- On September 5, 2018
Lifecycle products were developed in Australia following the market downturns in the Global Financial Crisis (GFC). Some members approaching retirement had a reduction of 20% of their superannuation benefit and the new products were designed to reduce the loss for members experiencing similar events in the future.
Some members did not understand the asset allocation of their default superannuation investment and responded with the primal ‘flight’ reflex – withdrawing their retirement sums from balanced options and investing in cash – crystallising their returns.
Many providers took the introduction of MySuper as an opportunity to redesign their defaults to avoid a repetition of this effect when the markets repeated their cycle.
The Productivity Commission (PC) recently put lifecycle investments in the firing line, questioning whether they should be allowed as a MySuper (default) option. If so, the PC asked:
- “Do they require re-design to better cater for the varying circumstances of members nearing retirement, and how should this be achieved?
- What information is needed on members to develop a product better suited to managing sequencing risk?”¹
The Productivity Commission’s modelling of lifecycle investments² canvasses the negatives of lifecycle investment strategies based on current products in the market. It shows a large downside in terms of foregone returns from de-risking too early. The Commission’s work also demonstrated limited protection for members, because when market events occur these options do still have non-trivial growth exposures. These findings are not surprising, in fact Rice Warner has commented on this before in 2016³.
But, not all lifecycle products are created equal. The results of the PC’s modelling are a symptom of design, not an encumbrance of the concept.
Arguably, a lifecycle product with a full allocation to growth in the formative years, de-risking to the ‘more appropriate’ balanced fund supported by the PC ten years out from retirement will produce superior results, with only a marginal increase in risk for the member. Alternatively, members could move money into a cash account for any lump sum required at retirement and the first year’s pension payments. This will allow them to keep high levels of growth assets as they will not need to draw down on the main account, so they are immunised against a market shock at the time of retirement.
This simple example illustrates why design matters. But what other factors are at play?
Factoring in behaviour
Factoring in the likely behaviour of some members, even though irrational, is an important consideration in product design.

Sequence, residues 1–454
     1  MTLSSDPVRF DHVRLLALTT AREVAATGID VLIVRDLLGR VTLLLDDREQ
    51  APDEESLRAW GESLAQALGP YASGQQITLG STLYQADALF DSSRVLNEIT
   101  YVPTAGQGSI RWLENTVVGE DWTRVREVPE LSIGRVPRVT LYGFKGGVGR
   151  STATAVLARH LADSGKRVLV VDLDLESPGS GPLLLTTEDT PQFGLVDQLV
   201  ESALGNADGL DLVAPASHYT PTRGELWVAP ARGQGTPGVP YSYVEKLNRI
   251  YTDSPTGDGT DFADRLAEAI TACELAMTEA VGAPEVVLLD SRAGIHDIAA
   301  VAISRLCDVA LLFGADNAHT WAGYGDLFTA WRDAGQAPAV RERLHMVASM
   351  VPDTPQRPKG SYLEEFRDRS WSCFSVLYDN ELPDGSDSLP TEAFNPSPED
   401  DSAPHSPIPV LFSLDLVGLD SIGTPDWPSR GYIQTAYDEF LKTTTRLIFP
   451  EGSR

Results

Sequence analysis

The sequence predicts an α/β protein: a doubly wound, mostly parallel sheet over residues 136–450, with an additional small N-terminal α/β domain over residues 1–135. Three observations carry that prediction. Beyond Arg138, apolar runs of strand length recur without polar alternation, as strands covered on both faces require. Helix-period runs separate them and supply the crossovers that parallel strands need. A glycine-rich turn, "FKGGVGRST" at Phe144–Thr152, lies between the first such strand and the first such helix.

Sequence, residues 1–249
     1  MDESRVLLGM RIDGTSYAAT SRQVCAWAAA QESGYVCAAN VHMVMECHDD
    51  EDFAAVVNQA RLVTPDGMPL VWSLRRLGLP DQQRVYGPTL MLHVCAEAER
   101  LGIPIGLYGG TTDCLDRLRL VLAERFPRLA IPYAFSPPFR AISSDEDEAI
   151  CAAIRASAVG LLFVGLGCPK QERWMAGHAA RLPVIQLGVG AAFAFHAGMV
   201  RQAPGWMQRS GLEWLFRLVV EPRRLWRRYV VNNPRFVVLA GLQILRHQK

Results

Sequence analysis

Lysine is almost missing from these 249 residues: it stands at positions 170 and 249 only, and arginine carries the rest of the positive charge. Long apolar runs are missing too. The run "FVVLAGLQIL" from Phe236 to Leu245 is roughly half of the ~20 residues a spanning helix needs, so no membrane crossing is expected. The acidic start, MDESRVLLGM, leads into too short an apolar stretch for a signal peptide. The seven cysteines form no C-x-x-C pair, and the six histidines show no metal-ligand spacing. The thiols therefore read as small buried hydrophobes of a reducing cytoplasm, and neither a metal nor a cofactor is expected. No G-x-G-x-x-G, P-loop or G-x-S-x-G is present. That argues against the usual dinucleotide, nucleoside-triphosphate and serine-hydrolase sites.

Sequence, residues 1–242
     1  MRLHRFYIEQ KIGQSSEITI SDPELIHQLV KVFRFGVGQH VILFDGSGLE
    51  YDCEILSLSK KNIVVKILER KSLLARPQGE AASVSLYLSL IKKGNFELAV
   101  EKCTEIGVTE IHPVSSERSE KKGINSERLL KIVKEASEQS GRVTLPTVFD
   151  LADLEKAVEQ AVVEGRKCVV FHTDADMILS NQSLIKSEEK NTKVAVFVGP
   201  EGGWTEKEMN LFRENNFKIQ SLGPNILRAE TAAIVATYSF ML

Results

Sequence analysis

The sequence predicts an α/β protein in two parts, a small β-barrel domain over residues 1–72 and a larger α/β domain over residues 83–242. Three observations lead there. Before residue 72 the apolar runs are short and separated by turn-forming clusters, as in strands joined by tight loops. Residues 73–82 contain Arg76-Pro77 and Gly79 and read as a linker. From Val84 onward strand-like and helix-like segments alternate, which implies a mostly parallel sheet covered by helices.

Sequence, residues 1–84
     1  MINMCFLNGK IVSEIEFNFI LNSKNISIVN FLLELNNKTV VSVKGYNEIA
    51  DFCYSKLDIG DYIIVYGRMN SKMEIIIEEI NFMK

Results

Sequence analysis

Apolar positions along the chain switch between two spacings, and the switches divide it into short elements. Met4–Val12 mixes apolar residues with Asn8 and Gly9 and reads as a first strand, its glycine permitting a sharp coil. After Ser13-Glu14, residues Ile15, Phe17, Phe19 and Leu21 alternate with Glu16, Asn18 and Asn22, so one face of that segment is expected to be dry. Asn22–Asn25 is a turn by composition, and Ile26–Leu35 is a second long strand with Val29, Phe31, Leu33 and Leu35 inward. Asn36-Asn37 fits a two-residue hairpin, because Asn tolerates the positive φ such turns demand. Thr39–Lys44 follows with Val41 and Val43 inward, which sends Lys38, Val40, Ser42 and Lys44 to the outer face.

Take for example NEST (the UK based default pension fund), which invests a member’s initial contributions (which are quite small) for five years in cash. The overall impact on the final balances is limited given the small initial balances, however, NEST argues that the formative years of the member’s engagement with NEST are about building trust. Behavioural economics at play.
This is not to say that products should be designed sub-optimally because of likely member reactions to market falls. However, it is an undeniable fact of life and something trustees need to consider.
Going beyond lifecycle
Technology, particularly improvements in administration and member services are driving a trend towards smarter, more personalised defaults. Not simpler ones. We can already see this occurring in Australia with some funds providing/considering lifecycle products that vary with balance and age.
Access to more data will allow funds to segment membership into homogenous groups using age, gender and account balance as relevant factors. Using historical exit data, we can predict when members will retire and how much they will need as a lump sum.
Rice Warner has suggested tailoring defaults using such factors and a simple bucketing strategy4 . For each member, over the five years to retirement, a fund can set a strategy to shift money into cash for liquidity purposes based on this information.
During retirement, algorithms can move more money into cash when the fund is performing well. Further, a member’s personal financial needs can be assessed periodically, and the amount of pension payments and the asset allocation can be reviewed.
Therefore, it’s imperative that the PC’s findings, though correct, should not lead to a ban on lifecycle investments.
Lifecycle does not need to be relegated to the dustbin. It just needs a redesign.
¹ Productivity Commission Superannuation: Assessing Efficiency and Competitiveness, 2018, Draft report pg. 49 https://www.pc.gov.au/__data/assets/pdf_file/0003/228171/superannuation-assessment-draft.pdf
² Productivity Commission, Superannuation: Assessing Efficiency and Competitiveness, 2018, Technical Supplement 6 – Analysis of members’ needs https://www.pc.gov.au/__data/assets/pdf_file/0019/228250/superannuation-assessment-draft-supplement6.pdf
³ Rice Warner, Lifecycle MySuper Product Fees, prepared for AIST, 2016 http://www.aist.asn.au/media/860083/lifecycle_mysuper_product_fees.pdf
4 See Rice Warner’s Beyond Lifecycle investment approach, Investment Magazine, 2013 https://investmentmagazine.com.au/2013/01/some-questions-for-michael-rice/ and https://www.ricewarner.com/default-pension-portfolios-different-needs-require-different-buckets/